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Want to work in retail? Think twice

(Photo courtesy of Shine Learning) “Working retail on top of a college schedule can be incredibly draining.”

Troy Lafond
Connector Editor

The reality of attending college in the 2020s is that many students need to work while in school to get by. The cost of living is high, and the price of schooling is higher. For many students, retail jobs hold a certain allure. Working hours can be low commitment, many places are hiring and management opportunities for higher pay have become more accessible. However, these jobs hold many pitfalls that can hold students back from success.

Throughout my college career, I have held several varying retail positions in different contexts, and I still do to this day. While my current position is better than the ones that have come before, there are still many downsides to working in this industry while being a college student.

It may have been said many times before, but it bears repeating: the worst part of working in retail is dealing with the customers. Retail customers are often demanding, unreasonable and sometimes even gross. I have had customers yell at me for not having a product available when I previously worked at a major department store, even when product availability is out of my hands. I have had customers demand lower prices than explicitly advertised because they misunderstood our pricing signs when working in clothing. I have even had an adult intentionally pee in the store.

Dealing with customer stressors would be easier with managerial support, but this is often lacking. Currently, I have an impressive and understanding managerial team, but this has not always been the case. Under my earlier management at my current job, I have been expected to work alone for closing hours. At a previous job, I was expected to clear seven pallets’ worth of shipment in a single eight-hour shift. I was even expected to run a storefront alone for an entire day at only 17 years of age.

With the high turnover rates of retail, the job being done can often change entirely on any random day. Almost every job I have worked at for more than a few months has undergone managerial change while I was there, and every time there was a managerial change, the workplace culture shifted dramatically. Jobs that promised to be laid-back environments where I could do homework suddenly became the most draining jobs I have ever had. Conversely, jobs that were intense and grueling sometimes also became more relaxing after these shifts. However, it has usually been the former.

Since the COVID-19 pandemic, there has been an existing rhetoric amongst many bosses that no one wants to work anymore. In searching for jobs and working in jobs that have spread this rhetoric, I can personally say that this is not always true. Often, it is simply cover for managers to excuse not scheduling enough workers on a shift due to insane constraints placed upon workers. At a recent job, a manager was only allowed to schedule 130 hours a week in a place that was open 65 hours a week. That only averages two people on at once at any given time.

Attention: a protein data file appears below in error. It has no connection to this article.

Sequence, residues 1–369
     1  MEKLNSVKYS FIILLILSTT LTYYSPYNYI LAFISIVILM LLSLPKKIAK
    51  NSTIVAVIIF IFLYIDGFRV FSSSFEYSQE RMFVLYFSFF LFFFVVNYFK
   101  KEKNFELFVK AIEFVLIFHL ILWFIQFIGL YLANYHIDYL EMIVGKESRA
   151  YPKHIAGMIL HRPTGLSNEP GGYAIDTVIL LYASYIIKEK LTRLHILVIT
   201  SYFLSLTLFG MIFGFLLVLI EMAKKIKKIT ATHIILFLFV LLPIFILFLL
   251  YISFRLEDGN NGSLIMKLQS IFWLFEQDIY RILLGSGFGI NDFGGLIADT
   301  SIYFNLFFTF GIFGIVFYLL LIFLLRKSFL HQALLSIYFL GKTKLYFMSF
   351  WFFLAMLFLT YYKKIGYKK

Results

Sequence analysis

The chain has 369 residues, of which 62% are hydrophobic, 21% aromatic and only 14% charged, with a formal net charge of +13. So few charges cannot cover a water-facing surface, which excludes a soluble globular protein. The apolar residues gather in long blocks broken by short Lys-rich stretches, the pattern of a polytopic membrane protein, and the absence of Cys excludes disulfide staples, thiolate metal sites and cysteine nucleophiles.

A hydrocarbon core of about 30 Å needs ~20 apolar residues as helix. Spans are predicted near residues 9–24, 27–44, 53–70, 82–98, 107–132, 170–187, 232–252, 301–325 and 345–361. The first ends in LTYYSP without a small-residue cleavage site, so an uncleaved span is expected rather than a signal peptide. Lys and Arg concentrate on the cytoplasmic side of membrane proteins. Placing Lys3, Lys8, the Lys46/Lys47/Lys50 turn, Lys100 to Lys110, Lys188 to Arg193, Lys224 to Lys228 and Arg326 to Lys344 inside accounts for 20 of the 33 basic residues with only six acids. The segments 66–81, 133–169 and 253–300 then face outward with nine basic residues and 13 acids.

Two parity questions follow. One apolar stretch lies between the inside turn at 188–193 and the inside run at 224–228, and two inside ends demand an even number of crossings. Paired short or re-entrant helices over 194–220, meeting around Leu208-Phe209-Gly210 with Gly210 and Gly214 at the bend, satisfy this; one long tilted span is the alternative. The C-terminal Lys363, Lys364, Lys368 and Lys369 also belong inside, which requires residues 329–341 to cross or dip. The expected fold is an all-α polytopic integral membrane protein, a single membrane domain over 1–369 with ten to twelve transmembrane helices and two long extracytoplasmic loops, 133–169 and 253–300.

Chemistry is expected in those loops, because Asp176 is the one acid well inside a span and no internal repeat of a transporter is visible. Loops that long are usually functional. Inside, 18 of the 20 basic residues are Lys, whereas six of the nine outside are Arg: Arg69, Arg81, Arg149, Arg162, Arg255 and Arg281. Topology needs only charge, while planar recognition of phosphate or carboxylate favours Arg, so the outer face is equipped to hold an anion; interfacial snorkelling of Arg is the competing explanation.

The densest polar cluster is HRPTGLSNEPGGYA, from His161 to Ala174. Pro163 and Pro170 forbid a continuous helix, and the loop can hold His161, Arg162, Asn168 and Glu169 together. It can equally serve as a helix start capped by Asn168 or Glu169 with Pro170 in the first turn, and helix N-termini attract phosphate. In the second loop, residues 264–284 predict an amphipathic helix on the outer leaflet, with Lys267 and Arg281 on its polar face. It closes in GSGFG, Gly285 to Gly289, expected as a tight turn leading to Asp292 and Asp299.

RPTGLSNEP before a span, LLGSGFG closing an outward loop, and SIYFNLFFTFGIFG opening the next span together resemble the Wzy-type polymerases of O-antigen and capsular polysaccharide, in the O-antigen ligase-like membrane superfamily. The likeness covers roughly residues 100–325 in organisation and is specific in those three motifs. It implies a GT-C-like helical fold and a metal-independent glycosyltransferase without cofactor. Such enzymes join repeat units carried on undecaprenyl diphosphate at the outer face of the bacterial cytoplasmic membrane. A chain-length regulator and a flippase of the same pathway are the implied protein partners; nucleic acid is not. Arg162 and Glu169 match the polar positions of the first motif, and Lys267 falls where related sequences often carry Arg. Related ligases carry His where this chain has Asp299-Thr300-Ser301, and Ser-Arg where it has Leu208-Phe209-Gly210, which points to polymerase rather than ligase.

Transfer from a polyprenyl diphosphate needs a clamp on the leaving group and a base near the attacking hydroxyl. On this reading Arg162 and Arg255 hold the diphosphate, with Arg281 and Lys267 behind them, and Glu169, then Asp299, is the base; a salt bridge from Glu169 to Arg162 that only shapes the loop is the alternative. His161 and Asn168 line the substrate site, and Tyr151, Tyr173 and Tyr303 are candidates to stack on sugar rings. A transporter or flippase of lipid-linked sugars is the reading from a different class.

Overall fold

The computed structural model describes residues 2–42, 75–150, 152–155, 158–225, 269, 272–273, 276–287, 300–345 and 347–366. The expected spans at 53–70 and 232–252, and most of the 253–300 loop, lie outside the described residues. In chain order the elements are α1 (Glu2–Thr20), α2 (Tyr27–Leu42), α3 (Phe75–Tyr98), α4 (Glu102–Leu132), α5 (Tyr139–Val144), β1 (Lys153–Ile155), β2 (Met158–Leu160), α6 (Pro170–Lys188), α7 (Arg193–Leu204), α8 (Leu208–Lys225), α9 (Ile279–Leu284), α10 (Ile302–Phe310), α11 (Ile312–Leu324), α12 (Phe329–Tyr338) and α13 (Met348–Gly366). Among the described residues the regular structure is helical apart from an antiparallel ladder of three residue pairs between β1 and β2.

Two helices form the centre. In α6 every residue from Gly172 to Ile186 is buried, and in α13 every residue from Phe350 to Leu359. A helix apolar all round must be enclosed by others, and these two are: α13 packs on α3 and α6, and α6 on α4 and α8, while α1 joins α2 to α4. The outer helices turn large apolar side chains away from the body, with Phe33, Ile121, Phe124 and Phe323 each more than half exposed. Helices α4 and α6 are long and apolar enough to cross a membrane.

Working in these small-scale retail environments makes work breaks a touchy subject. Any manager usually must always be on the clock and accessible at all times, but with two people on at once and only one being a manager, any break is bound to be short and interrupted. Working at places where I have had to work alone has deprived me of having any breaks at all, and even places with enough workers have still been troublesome at giving out breaks. At a popular outdoor entertainment venue I worked at this past summer, I was given two 15-minute breaks over the course of a 13-hour shift.

These often-grueling expectations for jobs primarily intended to be after-school work for high school and college students lead to a major burnout crisis among workers. After attending six-plus hours of school and four-plus hours of work, any time remaining for homework is often brushed aside for time to de-stress. The expectations are higher for teenagers and early-20-year-olds to produce an often-higher work volume in terms of hours per day than people who have settled into their long-term careers.

With sky-high expectations that constantly shift, retail is often not the right environment for a college student to thrive in. We need jobs, but we also need jobs that respect our busy lives and place proper expectations on us. I urge college students to seek out jobs that have lower stakes and respect the already demanding work they are putting into their academic careers, rather than ones who see their work as the most important thing and schoolwork as secondary.

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